In order to go home, all NICU graduates are required to sit in their carseat for an hour and a half without their oxygen dropping. I watched that monitor for the entire hour and a half.

When you are at the end of your pregnancy you are focused on one thing only, bringing your baby home.  You organize, you clean, and you daydream of being discharged and what it will feel like to bring that bundle of joy home.  I imagined that scenario more times than I can count.  What I didn’t imagine was being discharged without him.  We went up for our last feeding before we would fill out the discharge paperwork and I couldn’t help but to cry.  The nurses kept offering what they call “mom’s place”.  It’s a room on the NICU floor that allows you to stay close to your little one.  The problem is that it is typically only if your baby is only going to be another day or two.  When I was discharged they had no idea when he’d go home, so what is the point of delaying the inevitable?

We packed up my things and completed all of the necessary paperwork. And the whole time I was a disaster.  How do you make it worse?  Riding down in the elevator with a big blue balloon that says “It’s a boy!” and everyone congratulating you.  I feel bad for my husband when I think about that day because it was such a roller coaster.  One minute I would be okay, reading or occupying some time.  The next, I would be sobbing uncontrollably.  It seemed like I couldn’t control my emotions.  If I even had a fleeting thought about him, or the hospital, I would burst out. I probably called the hospital three times that day to check in.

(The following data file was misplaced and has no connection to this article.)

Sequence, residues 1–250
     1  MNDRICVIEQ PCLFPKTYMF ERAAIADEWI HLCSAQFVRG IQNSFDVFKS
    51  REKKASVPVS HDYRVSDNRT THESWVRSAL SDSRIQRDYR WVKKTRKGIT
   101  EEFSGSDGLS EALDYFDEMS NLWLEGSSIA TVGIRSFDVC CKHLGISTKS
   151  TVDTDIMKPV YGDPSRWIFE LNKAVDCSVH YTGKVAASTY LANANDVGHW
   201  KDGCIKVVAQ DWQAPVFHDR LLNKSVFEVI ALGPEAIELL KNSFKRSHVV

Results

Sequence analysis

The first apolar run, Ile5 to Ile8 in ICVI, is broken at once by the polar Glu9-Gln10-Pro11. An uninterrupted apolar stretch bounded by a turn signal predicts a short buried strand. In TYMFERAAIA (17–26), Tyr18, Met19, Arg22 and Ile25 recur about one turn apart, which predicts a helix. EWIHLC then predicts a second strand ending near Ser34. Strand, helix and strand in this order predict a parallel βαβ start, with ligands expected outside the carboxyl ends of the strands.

Something else I didn’t think about… the day he was discharged being terrifying.  He had been off the oxygen for an official 48 hours and he passed his car seat test the day before.  He was officially healthy to go home.  The whole time they were reviewing paperwork and we were buckling him in I was so excited.  After 19 days, it was finally the day I had been hoping for.  My husband ran to get the truck while I walked with the nurse who carried him to the entrance of the building.  Suddenly I wasn’t excited.  I was terrified. They were sending him home without an oxygen meter.  How would I know if he desated? What would I stare at when I nursed him to make sure he was still breathing?  How do they know we’ll be fit parents of an infant with respiratory distress for no known reason?  I rode in the backseat next to him the entire 40 minute drive home. I stared at him in awe and checked to make sure he was breathing (so many times).  We got him home and I suddenly didn’t know what to do.  I must have just stared at him in the car seat for another 10 minutes while I marveled at the idea of not visiting him anymore, he was home.

I’m not sure what reminded me of that day, but it still chokes me up when I think about it.  I always find my little man when I think about it and kiss him. He’s home now and healthy, that is all that matters.


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